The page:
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Onvif is an HTTP XML protocol between the camera and the client, allowing to discover RTSP URLs on the camera and configure the camera.

Alongside Onvif, there exists a WS-Discovery mechanism that allows finding a camera in the local network, but it is not an integral part of Onvif. Instead, other proprietary, often poorly described mechanisms can be used.

Onvif also extends to more complex VMS systems and video analytics, but in practice, these applications of Onvif are significantly rarer, less standardized, and used less frequently. And even less often implemented according to standards.

How to work with Onvif

To start working with Onvif, you need to know on which port the device has an Onvif server. Since most Onvif implementations are written using the gSOAP library (which is GPL), it's easier to run it as a separate daemon on a separate port rather than integrating it into the main web server. Therefore, it's common for a camera to show its web interface on port 80, while machine settings are accessed through some other port, like 8899.

In protocols for finding cameras like WD-Discovery, the port for Onvif is usually explicitly stated.

Onvif itself is a SOAP protocol and perhaps the only example of a SOAP protocol on the internet outside of the enterprise world.

Its WSDL (i.e., a rigidly structured protocol description) is available on the Onvif website along with textual descriptions.

In theory, the use of such a rigid protocol as SOAP should, if not guarantee order in the data, at least guarantee order in their formatting. In practice, everything is much worse because there are very few libraries for working with SOAP, the protocol is very complex, and in the end, it all comes down to the fact that live code on the camera simply contains templates into which data are inserted without validation, generating invalid XML.

How to play video via Onvif?

A very common question with two answers.

The first, formal answer: not possible. Onvif is a textual protocol for configuring the camera, and it can't play video.

The second, substantive answer: use the Onvif Profile S Specification to obtain URLs for playing video from the camera via RTSP.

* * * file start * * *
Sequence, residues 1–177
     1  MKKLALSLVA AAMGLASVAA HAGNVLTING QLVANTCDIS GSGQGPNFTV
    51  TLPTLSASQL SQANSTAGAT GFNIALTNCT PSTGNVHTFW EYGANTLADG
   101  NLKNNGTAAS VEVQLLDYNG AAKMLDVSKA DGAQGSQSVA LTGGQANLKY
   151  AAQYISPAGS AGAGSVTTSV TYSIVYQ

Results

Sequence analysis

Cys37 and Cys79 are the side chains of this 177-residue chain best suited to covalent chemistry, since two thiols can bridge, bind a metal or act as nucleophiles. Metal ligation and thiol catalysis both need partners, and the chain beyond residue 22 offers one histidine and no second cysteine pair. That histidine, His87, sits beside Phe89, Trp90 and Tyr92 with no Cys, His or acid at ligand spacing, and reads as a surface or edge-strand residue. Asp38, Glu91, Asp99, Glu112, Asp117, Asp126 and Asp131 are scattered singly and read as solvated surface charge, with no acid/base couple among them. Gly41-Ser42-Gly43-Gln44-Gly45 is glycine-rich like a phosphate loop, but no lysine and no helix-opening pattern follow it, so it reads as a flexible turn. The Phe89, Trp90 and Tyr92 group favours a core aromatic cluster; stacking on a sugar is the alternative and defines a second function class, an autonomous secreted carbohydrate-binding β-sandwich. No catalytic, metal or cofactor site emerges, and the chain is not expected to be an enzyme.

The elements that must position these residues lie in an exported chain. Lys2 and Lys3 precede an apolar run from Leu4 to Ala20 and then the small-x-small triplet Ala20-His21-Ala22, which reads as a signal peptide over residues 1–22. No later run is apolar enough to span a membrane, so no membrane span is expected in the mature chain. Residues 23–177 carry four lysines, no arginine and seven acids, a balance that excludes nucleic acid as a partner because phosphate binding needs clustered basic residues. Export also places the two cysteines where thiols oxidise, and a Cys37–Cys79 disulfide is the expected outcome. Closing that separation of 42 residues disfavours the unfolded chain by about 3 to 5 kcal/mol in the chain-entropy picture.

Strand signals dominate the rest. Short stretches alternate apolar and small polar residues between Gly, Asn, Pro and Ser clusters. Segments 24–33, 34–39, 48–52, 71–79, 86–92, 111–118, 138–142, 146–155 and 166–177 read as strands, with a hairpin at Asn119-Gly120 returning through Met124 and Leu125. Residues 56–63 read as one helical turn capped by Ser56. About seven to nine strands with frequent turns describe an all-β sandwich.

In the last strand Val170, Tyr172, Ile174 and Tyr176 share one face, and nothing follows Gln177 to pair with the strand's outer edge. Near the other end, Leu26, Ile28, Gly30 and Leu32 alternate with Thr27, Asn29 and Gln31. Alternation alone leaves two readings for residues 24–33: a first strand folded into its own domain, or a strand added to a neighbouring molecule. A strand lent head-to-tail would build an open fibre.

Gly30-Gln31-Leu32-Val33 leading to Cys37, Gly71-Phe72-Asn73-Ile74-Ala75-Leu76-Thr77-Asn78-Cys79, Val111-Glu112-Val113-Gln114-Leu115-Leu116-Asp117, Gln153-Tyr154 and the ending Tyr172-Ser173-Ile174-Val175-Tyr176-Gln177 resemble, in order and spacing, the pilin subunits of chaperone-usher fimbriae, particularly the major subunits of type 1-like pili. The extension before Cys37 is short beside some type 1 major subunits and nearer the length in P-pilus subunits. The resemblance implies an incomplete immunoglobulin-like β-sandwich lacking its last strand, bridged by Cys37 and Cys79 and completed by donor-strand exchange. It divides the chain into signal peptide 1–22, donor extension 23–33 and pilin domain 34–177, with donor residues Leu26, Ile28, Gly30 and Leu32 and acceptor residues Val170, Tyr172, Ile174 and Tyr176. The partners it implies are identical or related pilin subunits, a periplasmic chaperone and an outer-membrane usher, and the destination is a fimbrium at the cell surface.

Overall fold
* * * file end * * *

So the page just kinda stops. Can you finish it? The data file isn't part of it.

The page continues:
Usually, when contrasting "playing via RTSP" and "playing via Onvif," it's implied that in the first case, there's no Onvif involved, and one needs to somehow find out the URLs the camera responds to. In the second case, the URL can be discovered through a standardized protocol.

How to configure a camera via Onvif?

Onvif offers extensive possibilities for camera configuration, but it's important to understand that with each camera model, you'll need to figure out on-site how the standard is interpreted.

For example, Onvif allows for the creation of multiple profiles (qualities, streams, tracks, etc.), their creation, deletion, and naming. Practically all cameras will allow you to change the bitrate of a profile, but only a few will let you delete profiles or rename them as you wish.

This means that in your code for configuring different cameras, you won't be able to delete all profiles and recreate them from scratch according to a single standard. Instead, you'll need to carefully describe for each type of camera exactly how to upload data to that specific model.

How to receive motion events via Onvif?

Onvif allows connecting to a camera and receiving motion detector events from it.

In theory, long polling should be supported, meaning if there's no motion at the moment of connection, the camera should wait up to 60 seconds for any motion to occur. This mechanism is very good in principle, but many cameras don't have it; they immediately return a no-motion response and ask to reconnect.

On the client side, this needs to be handled by reducing the frequency of requests.

Onvif and Politics

Onvif is a trademark of the corresponding organization, which is subject to American laws. In 2019, Hikvision and Dahua were expelled from this organization and were prohibited from claiming support for Onvif. Frankly, it's a bit unclear who then was supposed to remain in this organization, but they know best.

One can imagine the future of this standard, whose authors are trying to ban more than 80% of the global market, on their own.

Alternatives to Onvif


Against the backdrop of the immense complexity of SOAP and the presence of only one available implementation in the form of gSOAP, the PSIA standard appeared and did not gain widespread adoption. It's a great idea that boils down to agreements on HTTP and RTSP URLs and significantly simpler exchanges. However, it didn't take off and is rarely used in cameras.


In China, GB/T 28181 is widespread. Its status isn't entirely clear, but an increase in the number of regional standards is likely a norm that we can expect in the future.


Analogous to PSIA but from Hikvision and actually used. ISAPI allows doing everything that Hikvision cameras can do and appears to be the most advanced. The problem with it is one: it's unclear whether Dahua and others will ever support it.